I’m fascinated by the participation of the great Jacques Prévert in this production.  Prévert was both a popular poet and screenwriter.  Before and during World War II, he served as the main screenwriter for Marcel Carné, a leading figure in the French film industry.  They made nine movies together, including Children of Paradise (1945), a romantic masterpiece set in the 19th century theater scene of Paris.  With The Little Soldier, Prévert found a welcome new collaborator in animator Paul Grimault.  Although The Little Soldier has no dialogue, the charm and compassion of the adaptation are hallmarks of Prévert’s work.  Prévert and Grimault continued to work together until Prévert’s death in 1977.  When Grimault attended the premiere of their last collaboration, The King and the Mockingbird, in 1980, he reserved an empty seat next to him in remembrance of Prévert.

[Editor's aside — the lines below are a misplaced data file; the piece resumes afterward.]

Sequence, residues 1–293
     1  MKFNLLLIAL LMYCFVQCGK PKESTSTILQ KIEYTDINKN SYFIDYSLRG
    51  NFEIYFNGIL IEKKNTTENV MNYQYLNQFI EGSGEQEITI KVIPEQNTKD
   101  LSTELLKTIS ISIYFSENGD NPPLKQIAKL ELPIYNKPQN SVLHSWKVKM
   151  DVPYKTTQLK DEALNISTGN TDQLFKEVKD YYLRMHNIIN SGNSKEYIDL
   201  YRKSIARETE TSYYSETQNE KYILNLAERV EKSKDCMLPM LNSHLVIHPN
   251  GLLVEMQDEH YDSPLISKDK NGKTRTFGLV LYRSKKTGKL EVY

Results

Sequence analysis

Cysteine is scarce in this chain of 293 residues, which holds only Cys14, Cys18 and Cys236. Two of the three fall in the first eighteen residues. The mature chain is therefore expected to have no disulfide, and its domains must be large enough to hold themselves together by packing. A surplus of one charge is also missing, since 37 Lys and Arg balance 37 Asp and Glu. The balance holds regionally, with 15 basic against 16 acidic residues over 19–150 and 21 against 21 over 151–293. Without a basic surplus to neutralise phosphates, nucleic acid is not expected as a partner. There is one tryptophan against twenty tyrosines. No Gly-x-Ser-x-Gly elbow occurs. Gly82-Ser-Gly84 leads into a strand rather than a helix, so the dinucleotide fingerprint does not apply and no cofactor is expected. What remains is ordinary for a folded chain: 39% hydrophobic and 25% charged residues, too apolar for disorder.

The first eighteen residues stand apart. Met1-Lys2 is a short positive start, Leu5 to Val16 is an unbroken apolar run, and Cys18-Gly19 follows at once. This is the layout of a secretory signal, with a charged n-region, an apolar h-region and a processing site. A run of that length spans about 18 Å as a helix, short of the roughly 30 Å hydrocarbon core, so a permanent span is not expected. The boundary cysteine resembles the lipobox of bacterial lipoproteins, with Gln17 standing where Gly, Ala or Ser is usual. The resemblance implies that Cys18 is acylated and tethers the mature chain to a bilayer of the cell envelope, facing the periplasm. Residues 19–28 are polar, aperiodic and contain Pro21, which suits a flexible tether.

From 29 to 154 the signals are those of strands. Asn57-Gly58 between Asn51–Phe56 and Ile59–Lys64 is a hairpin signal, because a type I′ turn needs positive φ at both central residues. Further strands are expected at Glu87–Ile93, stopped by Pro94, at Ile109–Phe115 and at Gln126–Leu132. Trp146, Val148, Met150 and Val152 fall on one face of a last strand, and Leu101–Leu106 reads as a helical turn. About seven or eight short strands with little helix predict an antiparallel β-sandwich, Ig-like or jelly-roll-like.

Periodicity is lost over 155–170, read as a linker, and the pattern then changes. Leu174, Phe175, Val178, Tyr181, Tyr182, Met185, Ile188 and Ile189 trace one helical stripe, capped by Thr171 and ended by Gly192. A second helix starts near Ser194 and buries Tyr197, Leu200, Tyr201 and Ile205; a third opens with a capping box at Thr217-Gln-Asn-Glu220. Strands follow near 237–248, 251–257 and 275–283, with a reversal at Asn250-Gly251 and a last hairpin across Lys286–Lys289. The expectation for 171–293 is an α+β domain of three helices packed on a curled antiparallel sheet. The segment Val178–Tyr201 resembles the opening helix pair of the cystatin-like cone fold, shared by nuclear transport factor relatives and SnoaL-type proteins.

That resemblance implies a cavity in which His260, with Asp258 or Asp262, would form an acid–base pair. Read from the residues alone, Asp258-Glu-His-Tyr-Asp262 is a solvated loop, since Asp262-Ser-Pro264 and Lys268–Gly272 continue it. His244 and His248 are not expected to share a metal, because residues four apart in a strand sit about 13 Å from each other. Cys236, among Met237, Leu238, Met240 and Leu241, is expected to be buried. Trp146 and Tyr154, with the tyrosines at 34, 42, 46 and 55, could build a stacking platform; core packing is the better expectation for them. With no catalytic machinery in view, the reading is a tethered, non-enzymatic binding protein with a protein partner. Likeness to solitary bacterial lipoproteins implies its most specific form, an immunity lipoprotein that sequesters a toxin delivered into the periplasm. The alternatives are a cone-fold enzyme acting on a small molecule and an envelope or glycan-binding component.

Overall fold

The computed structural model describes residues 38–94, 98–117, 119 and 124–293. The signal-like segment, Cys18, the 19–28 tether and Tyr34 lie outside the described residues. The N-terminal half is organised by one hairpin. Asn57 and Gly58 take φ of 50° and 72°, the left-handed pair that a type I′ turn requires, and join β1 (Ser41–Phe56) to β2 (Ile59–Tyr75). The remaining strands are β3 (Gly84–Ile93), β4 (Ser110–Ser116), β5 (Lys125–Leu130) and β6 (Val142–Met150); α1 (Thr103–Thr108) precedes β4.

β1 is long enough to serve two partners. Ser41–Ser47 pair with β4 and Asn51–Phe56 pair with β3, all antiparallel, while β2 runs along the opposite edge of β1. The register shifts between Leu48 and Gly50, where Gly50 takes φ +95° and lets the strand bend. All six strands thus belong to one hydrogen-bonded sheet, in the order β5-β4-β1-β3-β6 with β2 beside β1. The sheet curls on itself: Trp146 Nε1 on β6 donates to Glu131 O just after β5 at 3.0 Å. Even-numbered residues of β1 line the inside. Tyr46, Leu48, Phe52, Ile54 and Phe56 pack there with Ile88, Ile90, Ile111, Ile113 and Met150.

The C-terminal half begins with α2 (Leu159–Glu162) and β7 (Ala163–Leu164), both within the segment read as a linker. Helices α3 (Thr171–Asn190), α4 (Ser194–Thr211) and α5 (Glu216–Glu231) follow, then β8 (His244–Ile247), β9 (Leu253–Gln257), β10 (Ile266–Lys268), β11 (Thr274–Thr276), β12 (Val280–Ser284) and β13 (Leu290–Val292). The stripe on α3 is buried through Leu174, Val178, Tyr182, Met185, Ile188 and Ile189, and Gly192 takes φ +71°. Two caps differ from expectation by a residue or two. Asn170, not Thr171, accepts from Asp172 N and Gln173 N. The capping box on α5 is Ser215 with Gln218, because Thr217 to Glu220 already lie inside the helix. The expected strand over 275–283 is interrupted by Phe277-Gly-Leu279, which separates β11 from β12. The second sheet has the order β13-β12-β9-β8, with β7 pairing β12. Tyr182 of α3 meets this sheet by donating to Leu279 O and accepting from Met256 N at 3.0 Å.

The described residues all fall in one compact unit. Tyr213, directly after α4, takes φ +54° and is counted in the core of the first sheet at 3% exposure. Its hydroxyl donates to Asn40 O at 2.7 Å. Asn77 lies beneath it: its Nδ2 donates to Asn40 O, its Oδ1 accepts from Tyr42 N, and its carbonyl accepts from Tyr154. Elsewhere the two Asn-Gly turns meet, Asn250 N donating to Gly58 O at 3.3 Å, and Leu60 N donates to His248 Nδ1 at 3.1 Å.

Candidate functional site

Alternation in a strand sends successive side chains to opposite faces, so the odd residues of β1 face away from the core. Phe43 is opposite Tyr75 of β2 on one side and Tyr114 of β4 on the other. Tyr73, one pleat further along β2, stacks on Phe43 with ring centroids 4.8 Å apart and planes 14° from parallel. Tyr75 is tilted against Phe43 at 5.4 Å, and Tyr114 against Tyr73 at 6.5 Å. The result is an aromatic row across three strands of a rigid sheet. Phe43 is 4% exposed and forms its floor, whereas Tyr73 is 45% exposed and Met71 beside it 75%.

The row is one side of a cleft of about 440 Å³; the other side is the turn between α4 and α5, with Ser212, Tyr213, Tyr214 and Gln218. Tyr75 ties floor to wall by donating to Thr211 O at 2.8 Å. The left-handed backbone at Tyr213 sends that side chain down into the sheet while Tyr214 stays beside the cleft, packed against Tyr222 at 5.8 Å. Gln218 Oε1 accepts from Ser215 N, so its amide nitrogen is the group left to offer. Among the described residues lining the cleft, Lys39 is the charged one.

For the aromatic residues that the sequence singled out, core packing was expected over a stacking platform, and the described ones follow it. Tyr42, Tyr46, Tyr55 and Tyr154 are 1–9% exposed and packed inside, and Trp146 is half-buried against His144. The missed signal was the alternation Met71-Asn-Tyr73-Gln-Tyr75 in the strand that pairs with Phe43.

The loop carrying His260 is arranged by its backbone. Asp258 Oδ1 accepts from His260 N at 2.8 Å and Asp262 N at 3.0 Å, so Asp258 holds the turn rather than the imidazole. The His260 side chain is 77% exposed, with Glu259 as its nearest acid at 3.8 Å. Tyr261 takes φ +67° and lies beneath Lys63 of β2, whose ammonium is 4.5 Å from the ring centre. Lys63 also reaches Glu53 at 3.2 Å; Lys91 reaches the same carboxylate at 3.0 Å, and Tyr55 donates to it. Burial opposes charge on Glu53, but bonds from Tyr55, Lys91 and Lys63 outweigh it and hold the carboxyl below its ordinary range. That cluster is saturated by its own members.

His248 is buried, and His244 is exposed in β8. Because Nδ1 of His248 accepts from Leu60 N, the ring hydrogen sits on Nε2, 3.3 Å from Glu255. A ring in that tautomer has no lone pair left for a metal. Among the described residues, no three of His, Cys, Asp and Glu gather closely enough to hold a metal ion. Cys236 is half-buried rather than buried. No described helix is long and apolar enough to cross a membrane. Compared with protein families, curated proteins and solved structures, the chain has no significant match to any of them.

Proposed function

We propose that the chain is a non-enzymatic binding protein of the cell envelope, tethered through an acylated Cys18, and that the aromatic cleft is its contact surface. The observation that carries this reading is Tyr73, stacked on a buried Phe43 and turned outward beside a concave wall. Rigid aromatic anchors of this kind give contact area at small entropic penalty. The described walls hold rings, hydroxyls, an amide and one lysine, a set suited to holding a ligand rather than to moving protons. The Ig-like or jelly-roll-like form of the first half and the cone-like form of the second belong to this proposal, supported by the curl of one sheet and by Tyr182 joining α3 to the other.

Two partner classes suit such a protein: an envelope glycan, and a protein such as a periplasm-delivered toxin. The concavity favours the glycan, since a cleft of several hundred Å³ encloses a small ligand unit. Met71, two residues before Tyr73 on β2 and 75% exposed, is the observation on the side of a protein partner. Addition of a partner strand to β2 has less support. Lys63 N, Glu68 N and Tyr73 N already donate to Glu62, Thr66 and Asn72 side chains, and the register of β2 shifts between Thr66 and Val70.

Voices of a Distant Star / Hoshi no koe (2003):  Voices of a Distant Star is an anime with giant robots, aliens, and spectacular explosions.  But these typical anime elements are secondary to the real event which is a love story that will tear your heart out.  I don’t cry that easily, but Voices of a Distant Star devastates me.

This short anime is the virtuoso work of a single person—director Makoto Shinkai.  I love the way he meets all genre expectations while keeping them entirely subordinate to the emotional powerhouse love story.  His central theme of communication over interstellar distance reminds me of Ray Bradbury at his most insightful and poignant.